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A short story by

Robert Brooks

Shane leveled his finger at the marine. "Let me out." Shane knew in his gut the armored figure was responsible for this. For all of it. "If this isn't completely real, then none of it is. That means this is a dream. Let me out."

"This is not a dream," said the other, older Shane. "This is a memory."

Silence reigned over the assembly hall for a long, long moment. "A memory?"


"A memory that changes?"


"How can that be a memory?"

"It is the memory you remember."

"That clears it right up." Despite his anger, Shane felt queasy. He was growing convinced that he—this twisted Geoff Shane with the expressionless eyes—was telling the truth as best as he knew how.

The headache was relentless. He felt as if his mind would soon burst at the seams. He lifted his fingers to his temples. The pain was blinding.

The marine slowly stood up. The floor creaked under the massive weight of his armored suit. "You remember Mengsk"—and he hissed on the name again—"speaking to you, do you not?"

"He wasn't there. Not in person," Shane said through gritted teeth. He was certain of it now.

"But you remembered it that way." It wasn't a question. Shane didn't answer. The marine drew himself fully upright, towering over Shane. "Did it actually happen?"

"Fine," Shane growled. His hands gripped the sides of his head. He fought to keep his eyes open against the pain. "It wasn't real. So what?"

"That memory is false. What else is false?"

The question was simple. It added only a feather's weight to Shane's agony. But it was enough.

He felt something tear open in his mind, just a bit. It was as if two hands were pulling apart thick canvas, with tiny rips opening up at the weakest points of the fabric. He shuddered, and reality seemed to tremble with him.

Shane could see little black spots floating around the assembly hall. Little windows into the deep void of madness. They were dancing around his vision, and when they collided, they joined together. Some of the tiny dots grew into gaping holes.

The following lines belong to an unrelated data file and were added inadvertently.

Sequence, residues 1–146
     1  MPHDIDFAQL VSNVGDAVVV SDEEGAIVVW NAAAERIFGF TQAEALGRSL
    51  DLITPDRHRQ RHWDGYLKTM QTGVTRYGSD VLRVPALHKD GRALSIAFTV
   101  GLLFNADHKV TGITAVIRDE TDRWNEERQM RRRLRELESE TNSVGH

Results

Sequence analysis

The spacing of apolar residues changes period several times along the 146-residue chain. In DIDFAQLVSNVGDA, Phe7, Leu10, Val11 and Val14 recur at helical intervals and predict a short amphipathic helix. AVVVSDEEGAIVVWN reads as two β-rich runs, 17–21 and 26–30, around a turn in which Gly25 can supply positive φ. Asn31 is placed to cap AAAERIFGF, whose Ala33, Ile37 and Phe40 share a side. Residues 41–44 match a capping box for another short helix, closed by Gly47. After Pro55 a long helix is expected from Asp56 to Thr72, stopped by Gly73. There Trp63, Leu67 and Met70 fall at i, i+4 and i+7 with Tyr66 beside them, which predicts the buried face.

There was nowhere to run. The darkness would overwhelm him. What else is false? If the answer was everything, Shane knew he would be lost to insanity. He desperately concentrated on the opposite question: What is true?

The assembly hall. That was true. That was firm. That was the bedrock. Shane clung to it. The tearing sensation stopped. The pressure didn't slacken a bit, but it didn't increase. The holes hovered in place, quivering.

"We've seen this before with your kind," the armored Shane said, "often. You're right to be afraid. There's no coming back from... that." He waved toward one of the larger dark holes. It trembled like a mad dog at the end of its leash. It wanted to grow. It wanted to swallow Shane's mind. All of it.

No coming back. Shane believed it. There was something final down there. He could only muster a whisper. "How do I stop it?"

The answer came without hesitation. "Let us help."

Shane wanted to scream, Do it. Help me! The pressure ratcheted up a notch. The darkness shivered with anticipation.


"We will strip away the lies. But you must let us in."

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